MERRON Gordon, the stand-in head coach for the Jamaica football team's upcoming four-nation tournament in Austria, says he has no immediate ambition of taking over the job on a long-term basis.
Instead, the senior Reggae Boyz assistant coach said he wants to further learn his craft while taking guidance from English-based Paul Hall, who was appointed interim head coach last December.
"It's not my intention to be the head coach right now," Gordon, a former senior Reggae Girlz coach, told the Jamaica Observer.
"I want to continue to learn, continue to build, and hopefully, one day in the future if the opportunity arises, then I can grab it with both hands. But for now, as the assistant coach, if the head coach is not available I have to step up and do a job," he said.
The Jamaica senior men's team, comprising mostly inexperienced, locally based players, is scheduled to face Ghana on August 20 before facing Morocco on August 23 and 2022 World Cup hosts Qatar on August 26.
The matches are scheduled outside of the Fifa international window, which creates a clash for Hall who has coaching responsibilities with Queens Park Rangers, currently engaged in the English Championship.
Hall, given the job as the Boyz interim head coach after the removal of Theodore Whitmore, is said to be in negotiations with the Jamaica Football Federation over a possible long-term contract.
Gordon, who is to have Vassell Reynolds as his assistant as he temporarily takes the reins for the assignment in Austria, said he has been in touch with Hall in handling the squad's preparation.
"Coach Hall and I had a long meeting regarding the local players. He's helping behind the scenes, helping me to put things together while I'm in charge of the unit for these three games," Gordon said.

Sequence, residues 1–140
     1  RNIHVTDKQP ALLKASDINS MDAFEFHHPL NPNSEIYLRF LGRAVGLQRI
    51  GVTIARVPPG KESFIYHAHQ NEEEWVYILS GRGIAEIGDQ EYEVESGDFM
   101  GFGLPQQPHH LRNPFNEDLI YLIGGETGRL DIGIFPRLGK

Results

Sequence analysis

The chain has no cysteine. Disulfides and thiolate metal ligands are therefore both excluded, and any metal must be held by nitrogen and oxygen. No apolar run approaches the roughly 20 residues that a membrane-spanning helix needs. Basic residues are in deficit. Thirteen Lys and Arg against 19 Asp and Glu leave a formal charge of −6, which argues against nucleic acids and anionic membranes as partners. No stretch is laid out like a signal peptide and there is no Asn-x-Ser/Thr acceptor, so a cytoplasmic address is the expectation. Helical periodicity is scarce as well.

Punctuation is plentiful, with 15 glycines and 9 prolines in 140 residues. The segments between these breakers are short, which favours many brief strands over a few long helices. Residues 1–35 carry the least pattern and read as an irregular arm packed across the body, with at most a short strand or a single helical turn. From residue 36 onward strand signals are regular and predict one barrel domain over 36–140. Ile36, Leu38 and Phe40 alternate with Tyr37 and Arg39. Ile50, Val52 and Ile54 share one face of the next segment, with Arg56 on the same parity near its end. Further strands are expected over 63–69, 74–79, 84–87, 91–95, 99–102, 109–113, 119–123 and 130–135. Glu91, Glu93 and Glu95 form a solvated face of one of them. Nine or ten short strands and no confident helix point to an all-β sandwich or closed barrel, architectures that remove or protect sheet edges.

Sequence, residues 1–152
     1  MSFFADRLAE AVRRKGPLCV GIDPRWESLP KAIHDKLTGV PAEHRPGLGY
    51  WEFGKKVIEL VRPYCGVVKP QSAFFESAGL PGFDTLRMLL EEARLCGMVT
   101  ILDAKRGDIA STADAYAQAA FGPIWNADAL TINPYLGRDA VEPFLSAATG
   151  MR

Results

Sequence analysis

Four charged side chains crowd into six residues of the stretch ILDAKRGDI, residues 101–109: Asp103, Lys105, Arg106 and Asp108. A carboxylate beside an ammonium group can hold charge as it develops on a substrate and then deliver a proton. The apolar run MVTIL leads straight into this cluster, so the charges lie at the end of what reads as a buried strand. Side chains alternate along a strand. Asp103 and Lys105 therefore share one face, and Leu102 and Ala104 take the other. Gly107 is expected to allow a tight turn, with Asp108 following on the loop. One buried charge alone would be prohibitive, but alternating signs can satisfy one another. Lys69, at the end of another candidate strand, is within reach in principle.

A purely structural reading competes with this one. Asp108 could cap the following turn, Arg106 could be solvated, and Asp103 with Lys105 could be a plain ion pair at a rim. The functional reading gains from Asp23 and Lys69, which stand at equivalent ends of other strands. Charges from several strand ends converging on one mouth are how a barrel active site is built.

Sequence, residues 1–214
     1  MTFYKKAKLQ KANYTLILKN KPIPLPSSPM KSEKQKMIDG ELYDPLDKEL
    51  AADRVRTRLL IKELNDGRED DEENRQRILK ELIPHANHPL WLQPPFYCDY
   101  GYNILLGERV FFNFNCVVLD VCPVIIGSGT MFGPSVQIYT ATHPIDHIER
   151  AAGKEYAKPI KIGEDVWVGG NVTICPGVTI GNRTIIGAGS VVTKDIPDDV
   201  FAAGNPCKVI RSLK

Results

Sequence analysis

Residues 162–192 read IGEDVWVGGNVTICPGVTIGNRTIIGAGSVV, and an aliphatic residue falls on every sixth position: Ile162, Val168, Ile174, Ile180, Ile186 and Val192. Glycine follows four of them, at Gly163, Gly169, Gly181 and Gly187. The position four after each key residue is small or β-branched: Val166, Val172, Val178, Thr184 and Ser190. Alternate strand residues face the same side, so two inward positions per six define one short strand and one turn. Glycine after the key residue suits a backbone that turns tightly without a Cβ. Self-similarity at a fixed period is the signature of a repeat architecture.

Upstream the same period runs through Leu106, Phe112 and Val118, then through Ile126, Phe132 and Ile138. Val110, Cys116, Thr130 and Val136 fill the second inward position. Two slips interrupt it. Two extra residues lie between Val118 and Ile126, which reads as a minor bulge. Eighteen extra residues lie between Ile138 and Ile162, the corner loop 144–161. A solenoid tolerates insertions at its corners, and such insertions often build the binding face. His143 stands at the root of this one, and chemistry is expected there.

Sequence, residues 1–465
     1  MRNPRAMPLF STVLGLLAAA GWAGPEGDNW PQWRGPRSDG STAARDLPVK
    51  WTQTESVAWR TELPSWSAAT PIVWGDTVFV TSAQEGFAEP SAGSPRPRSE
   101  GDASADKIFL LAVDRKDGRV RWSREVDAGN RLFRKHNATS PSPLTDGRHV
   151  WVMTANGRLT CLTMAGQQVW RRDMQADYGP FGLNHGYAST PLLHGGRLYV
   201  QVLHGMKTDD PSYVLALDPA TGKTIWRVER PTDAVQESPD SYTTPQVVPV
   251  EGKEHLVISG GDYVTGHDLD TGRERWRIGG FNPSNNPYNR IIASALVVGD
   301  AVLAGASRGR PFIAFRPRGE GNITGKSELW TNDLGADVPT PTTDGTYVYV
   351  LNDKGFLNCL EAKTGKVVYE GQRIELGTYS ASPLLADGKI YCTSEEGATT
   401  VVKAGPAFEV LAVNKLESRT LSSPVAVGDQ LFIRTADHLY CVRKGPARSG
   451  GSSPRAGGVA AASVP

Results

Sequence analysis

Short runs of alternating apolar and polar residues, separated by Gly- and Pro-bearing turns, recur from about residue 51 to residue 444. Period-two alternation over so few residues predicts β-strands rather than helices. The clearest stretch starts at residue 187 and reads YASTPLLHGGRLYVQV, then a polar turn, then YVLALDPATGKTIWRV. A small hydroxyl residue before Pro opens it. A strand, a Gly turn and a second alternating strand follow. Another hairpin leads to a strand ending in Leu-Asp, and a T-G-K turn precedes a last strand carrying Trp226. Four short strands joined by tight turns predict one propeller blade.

"We started training from over a week ago with the local players and they have been very receptive," he said.
"Most of them hadn't kicked a ball for the last month or more but they are grabbing the opportunity with both hands," he said, referring to the off season of the local, top-flight club competition.
Noting the exposure for the locally based players against the three teams — all of which are to compete at the World Cup — Gordon said the tournament offers the opportunity for fringe players to stake a claim.
"Some of these boys would be playing for the national team for the first time, and Jamaica is always calling out for local players to get a chance, so I said to them that this is their chance to prove — to both themselves and to the technical arm of the federation — that they can roll with the big boys.
"I explained to them that these three games can change their lives forever, and they are really working hard," he told the Observer.
"We are going to play against three big teams and, hopefully, we can get positive results from these games. Positive results don't necessarily mean winning, but at least compete strongly against these opportunities," Gordon added.
— Sanjay Myers